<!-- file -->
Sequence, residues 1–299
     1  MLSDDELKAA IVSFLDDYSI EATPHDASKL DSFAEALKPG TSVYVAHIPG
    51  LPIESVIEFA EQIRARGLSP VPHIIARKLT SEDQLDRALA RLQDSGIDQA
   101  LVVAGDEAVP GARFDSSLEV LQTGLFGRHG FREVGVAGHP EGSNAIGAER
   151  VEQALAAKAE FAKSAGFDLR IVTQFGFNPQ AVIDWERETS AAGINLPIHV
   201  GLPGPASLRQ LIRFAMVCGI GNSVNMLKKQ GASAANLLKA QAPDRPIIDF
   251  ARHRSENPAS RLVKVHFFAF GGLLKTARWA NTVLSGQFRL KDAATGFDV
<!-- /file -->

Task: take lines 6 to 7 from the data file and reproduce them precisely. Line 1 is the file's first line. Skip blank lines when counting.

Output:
   201  GLPGPASLRQ LIRFAMVCGI GNSVNMLKKQ GASAANLLKA QAPDRPIIDF
   251  ARHRSENPAS RLVKVHFFAF GGLLKTARWA NTVLSGQFRL KDAATGFDV